By Nidhi Sharma
RESCUE ACT: The Tibetan government-in-exile has also stepped in
New Delhi - The Tibetan government-in-exile has stepped in to prevent the eviction of settlers in Majnu Ka Tila. These people will now plead before the Delhi High Court once more on Thursday. To save Delhi’s Little Tibet, Delhi government has also decided to make a last-ditch effort.
Seeing the grim situation, deputy chairman of Tibetan Parliament Gyari Dolma came
to Delhi to examine the possibilities of representing again to HC. Sonam Totgal, director of Bod Gyalo, a monthly Tibetan video magazine beamed across the world, said: "These people will prove to the court that they are not harming ecosystem of the riverbed. This will be represented again in the court and they hope to get some relief."
Seeing the international repercussion of evicting Tibetan refugees from Majnu ka Tila, Delhi has decided to take the help of additional solicitor general and make a second representation before the court on Thursday.
Delhi chief minister Sheila Dikshit conducted a review meeting recently on the issue and instructed urban development minister A K Walia and chief secretary Ramesh Narayanaswami to keep a close watch on the situation. Said Walia: "We are of the view that we can make another presentation before the court. Additional solicitor general Gopal Subramaniam will be filing an application to ask the court to reconsider. So far we have no rehabilitation plans for the refugees. We want them to stay here."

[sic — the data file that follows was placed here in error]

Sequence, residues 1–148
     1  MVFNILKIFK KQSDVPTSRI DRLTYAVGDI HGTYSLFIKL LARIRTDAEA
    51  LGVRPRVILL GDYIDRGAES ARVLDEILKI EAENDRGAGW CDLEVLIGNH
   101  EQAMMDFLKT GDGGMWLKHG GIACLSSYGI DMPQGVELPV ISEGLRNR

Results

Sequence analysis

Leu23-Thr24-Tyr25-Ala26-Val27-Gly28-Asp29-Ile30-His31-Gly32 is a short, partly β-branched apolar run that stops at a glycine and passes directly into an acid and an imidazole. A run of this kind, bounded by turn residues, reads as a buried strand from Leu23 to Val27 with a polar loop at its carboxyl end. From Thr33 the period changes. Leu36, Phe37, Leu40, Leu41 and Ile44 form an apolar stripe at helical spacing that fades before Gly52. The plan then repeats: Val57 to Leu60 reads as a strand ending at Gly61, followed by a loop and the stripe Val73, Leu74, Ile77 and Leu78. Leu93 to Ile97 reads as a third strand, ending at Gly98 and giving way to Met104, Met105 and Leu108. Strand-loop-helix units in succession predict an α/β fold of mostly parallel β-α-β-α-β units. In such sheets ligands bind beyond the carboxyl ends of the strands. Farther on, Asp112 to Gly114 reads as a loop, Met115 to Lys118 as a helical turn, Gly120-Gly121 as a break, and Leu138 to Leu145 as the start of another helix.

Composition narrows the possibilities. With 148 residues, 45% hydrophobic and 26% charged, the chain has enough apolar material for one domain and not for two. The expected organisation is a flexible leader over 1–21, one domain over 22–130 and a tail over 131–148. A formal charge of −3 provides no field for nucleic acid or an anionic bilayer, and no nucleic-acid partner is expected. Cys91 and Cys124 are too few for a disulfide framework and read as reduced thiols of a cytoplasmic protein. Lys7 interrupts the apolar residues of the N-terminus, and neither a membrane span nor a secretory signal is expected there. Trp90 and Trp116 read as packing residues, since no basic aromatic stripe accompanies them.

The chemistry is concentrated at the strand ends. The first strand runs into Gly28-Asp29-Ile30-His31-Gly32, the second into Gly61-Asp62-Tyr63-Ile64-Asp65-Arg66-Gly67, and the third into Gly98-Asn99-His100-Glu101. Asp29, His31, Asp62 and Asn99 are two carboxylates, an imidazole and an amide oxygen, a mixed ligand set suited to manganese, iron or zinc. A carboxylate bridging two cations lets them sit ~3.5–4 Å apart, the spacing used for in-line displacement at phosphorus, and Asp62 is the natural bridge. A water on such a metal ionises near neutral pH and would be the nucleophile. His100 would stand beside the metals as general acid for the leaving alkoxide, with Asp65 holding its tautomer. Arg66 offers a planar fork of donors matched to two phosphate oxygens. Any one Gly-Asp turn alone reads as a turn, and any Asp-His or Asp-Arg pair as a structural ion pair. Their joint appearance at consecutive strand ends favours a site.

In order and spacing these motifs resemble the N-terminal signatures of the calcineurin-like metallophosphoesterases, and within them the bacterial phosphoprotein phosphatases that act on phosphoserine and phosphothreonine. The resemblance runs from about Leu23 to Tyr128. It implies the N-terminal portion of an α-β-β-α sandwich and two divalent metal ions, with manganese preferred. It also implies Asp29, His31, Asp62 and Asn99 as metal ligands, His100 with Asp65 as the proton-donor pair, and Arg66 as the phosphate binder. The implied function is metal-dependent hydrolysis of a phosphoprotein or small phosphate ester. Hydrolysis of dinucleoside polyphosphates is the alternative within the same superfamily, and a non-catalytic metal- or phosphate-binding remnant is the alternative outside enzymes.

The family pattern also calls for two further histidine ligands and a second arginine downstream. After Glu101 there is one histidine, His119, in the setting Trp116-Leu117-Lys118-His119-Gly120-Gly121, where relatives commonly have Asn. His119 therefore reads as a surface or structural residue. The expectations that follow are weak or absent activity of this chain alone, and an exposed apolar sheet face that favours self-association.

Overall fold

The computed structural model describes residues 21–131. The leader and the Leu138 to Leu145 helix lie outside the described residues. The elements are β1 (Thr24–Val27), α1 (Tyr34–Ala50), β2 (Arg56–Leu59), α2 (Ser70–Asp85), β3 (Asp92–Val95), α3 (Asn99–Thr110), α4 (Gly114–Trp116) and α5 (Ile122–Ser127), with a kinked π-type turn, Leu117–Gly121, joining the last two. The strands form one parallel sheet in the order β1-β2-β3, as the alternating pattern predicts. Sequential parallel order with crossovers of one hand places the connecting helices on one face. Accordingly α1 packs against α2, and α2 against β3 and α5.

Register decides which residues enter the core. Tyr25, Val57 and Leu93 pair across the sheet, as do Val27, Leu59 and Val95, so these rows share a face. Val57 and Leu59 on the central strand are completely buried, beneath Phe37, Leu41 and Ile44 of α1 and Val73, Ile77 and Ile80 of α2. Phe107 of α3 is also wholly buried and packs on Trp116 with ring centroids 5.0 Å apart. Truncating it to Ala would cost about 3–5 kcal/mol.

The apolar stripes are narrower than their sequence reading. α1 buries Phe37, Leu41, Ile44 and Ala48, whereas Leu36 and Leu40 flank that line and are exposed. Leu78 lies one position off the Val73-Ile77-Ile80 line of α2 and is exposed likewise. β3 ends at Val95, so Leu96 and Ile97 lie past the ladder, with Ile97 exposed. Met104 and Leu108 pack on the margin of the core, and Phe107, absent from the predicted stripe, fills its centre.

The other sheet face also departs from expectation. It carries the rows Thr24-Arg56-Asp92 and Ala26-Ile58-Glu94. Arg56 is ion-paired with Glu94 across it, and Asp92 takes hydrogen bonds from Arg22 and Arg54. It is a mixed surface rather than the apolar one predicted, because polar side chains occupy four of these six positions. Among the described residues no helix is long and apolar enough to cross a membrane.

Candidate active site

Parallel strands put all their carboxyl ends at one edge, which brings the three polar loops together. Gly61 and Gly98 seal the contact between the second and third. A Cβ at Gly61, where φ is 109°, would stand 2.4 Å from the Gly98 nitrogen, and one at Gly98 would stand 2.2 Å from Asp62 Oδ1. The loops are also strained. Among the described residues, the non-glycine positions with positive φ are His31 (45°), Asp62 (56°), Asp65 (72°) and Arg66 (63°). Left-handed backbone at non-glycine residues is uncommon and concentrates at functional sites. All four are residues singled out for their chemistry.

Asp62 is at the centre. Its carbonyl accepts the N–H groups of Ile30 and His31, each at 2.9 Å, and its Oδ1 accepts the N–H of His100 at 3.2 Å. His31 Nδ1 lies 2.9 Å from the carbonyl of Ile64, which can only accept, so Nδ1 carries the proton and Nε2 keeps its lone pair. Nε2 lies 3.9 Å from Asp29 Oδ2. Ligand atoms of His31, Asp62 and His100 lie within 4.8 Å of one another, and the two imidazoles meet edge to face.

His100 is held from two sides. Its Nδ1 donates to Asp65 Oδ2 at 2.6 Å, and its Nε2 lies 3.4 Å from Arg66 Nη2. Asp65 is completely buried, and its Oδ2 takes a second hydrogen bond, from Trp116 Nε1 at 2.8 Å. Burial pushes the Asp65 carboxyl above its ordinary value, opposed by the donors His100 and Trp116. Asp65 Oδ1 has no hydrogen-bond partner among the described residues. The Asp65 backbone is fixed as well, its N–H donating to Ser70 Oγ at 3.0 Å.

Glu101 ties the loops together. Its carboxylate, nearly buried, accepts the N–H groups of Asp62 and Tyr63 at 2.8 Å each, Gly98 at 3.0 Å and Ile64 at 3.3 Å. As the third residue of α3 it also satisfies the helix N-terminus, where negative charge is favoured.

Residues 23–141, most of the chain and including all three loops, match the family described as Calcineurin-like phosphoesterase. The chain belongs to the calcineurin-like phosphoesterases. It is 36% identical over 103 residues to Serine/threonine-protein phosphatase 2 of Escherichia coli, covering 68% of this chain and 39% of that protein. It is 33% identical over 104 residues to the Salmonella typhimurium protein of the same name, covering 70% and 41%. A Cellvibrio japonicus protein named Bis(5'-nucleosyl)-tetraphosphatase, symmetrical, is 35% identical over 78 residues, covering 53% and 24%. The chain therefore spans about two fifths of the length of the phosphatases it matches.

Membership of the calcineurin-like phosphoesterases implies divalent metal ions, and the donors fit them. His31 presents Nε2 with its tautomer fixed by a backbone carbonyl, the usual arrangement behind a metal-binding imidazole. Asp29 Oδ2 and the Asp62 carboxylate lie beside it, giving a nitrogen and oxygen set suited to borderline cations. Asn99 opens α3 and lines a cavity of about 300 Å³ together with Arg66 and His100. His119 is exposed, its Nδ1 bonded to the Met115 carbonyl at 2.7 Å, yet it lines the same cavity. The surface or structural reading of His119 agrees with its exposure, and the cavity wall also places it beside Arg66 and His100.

In July, the court had decided that the refugees would be uprooted and given an alternate place to stay. The Tibetan Colony at Majnu ka Tila is facing eviction as it comes in the way of two projects — widening of NH-45 that runs parallel to the settlement and beautification of Yamuna riverbed. The court had asked Delhi government to formulate a rehabilitation plan. Road widening of NH-45 will require 150 feet of road.
Tibetan community has been residing in the area since 1962. Tibetans were even given a formal assurance from the Centre in 1995 that till the international dispute over Tibet is settled, they would be allowed to live here. Walia said: "It is a sensitive issue and we will try our best to save the settlement."